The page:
Fritz ran through the history of solicitorships in Lansdale since 1990. There have been three solicitors that served Lansdale in that 24-year timeline, all with varying rates.

Fritz said Hansen, a Democrat, should have the right to change solicitors.

"I ... have a problem with the fact that ... some on council and some in the audience had no problem changing solicitors in 2010. Now it's a big question like it shouldn't be done," Fritz said. "If the president feels more comfortable with a different solicitor, then he has the right to ask for a vote and change it." 

Fuller said it is wrong to change a solicitor without cause.

"This is personal. It feels personal to me as a taxpayer and it feels personal to me as a councilwoman," she said. "I was elected to do what's best for my constituency and the people and give them the best we possibly can. I have yet to hear a decent reason why we are making a change."

She said a solicitor works with the borough manager and department heads daily, not council. It should be them that decide what is best for the borough.

"What's not important at all is who contributed to what campaigns," Fuller said. "In 2010, it had nothing to do with politics; it removed politics from the position."

Wisler Pearlstine was appointed in 2010, replacing Friedman Schuman.

"We chose a firm that is apolitical, with no contributions from either side," she said. "This change stinks of political payback." 

Hansen responded by reading from a pre-written statement.

"Four years ago, a gang of five took control of borough council—Mary Fuller, Matt West, Mike Sobel, Dan Dunigan and Paul Clemente. With five being the magic number, they could vote in lockstep and do whatever they pleased, and they did," Hansen said. 

This included replacing Kilkenny with a law firm "who had a partner who was related to ... Clemente," Hansen said. "Sounds like nepotism to me, but it fell on deaf ears."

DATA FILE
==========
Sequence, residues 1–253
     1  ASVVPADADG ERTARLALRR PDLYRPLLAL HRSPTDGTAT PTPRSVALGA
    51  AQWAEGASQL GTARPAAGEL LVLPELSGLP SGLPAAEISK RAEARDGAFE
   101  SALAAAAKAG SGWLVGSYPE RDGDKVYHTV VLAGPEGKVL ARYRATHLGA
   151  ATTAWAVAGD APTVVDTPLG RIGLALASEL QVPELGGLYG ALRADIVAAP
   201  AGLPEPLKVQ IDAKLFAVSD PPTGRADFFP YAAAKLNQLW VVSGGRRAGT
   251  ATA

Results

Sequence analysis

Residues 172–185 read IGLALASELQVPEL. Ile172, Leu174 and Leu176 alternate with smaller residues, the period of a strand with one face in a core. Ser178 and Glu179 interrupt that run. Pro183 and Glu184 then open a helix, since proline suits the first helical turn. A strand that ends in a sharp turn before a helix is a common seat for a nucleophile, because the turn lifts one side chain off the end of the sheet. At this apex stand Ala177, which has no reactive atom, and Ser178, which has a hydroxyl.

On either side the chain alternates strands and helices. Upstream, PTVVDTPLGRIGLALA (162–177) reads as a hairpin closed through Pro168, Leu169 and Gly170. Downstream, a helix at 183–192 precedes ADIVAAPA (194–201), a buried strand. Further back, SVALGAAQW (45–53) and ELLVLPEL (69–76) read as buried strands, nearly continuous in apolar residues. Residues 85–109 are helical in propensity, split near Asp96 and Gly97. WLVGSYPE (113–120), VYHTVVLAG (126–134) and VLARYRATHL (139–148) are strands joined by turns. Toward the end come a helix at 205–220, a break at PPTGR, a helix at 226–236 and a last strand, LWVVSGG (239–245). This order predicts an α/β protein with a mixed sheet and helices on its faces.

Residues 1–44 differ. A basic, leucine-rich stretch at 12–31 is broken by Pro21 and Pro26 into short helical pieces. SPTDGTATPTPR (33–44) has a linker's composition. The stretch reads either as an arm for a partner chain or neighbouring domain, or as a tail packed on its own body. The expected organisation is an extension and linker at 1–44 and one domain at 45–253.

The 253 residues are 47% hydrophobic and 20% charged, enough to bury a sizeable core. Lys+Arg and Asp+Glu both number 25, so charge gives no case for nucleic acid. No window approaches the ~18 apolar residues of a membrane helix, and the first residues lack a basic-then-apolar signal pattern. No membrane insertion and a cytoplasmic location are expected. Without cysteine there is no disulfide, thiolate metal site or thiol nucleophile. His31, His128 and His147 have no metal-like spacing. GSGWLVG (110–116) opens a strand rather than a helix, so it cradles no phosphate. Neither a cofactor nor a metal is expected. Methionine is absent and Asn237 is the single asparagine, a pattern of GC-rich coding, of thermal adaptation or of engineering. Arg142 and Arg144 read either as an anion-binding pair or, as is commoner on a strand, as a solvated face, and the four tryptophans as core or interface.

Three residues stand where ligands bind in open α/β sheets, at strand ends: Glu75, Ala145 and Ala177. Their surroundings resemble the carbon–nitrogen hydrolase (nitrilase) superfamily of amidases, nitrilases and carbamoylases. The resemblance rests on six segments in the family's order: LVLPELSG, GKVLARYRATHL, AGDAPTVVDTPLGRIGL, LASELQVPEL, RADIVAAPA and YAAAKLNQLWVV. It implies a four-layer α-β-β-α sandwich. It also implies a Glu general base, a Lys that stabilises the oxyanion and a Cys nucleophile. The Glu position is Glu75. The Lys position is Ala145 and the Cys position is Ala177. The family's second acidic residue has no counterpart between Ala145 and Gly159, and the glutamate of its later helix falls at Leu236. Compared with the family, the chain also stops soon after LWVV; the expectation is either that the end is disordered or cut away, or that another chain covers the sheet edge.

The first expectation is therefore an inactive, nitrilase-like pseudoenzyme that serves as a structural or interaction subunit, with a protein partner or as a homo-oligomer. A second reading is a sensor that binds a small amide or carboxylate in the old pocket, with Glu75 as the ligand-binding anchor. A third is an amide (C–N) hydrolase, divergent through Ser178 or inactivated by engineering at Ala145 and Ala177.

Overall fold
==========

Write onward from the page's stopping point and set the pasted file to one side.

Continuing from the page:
He said the solicitorship appointment in 2010 was "ironically" done without an RFQ.

"Now the same people are asking for an RFQ," he said. "I've always been told to leave things the way they are and not make any changes. It wouldn't make any sense at all."

He said that Clemente then went to work for financial advisors Boenning-Scattergood in 2010, right when he took his post at council.

"It didn't sound right to me," Hansen said. "It fell on deaf ears."

Then Hansen brought up the firing of former Manager Lee Mangan in 2008. He said he was notified of the event 24 hours prior, which was the law. He then accused Fuller, West and Sobel of walking into Mangan's office where they "demanded he resign." 

Hansen was mad that there was no meeting called ahead of time to discuss Mangan's firing.

"It sounds illegal to me, but at the very least, it was improper," he said.

Mangan got a severance package of more than $800,000.

Fuller then revealed that Kilkenny was the one who drafted Mangan's severance package.

"I ask you, who helped pen that agreement that paid all that money to the former borough manager? And I will tell you that the solicitor of record at the time was the gentlemen you want to put in the position again," Fuller said. 
Current Solicitor Speaks Up
Hosterman spoke up to defend accusations against himself and his firm.
"My partner, Mike Clement, did not give a campaign contribution to his nephew for the purpose of becoming Lansdale Borough solicitor; it was simply because it was his nephew," Hosterman said. "We didn’t even know Lansdale was looking for a solicitor until the five newly-elected councilmen, who had not yet been seated, contacted us a week before the reorganization meeting."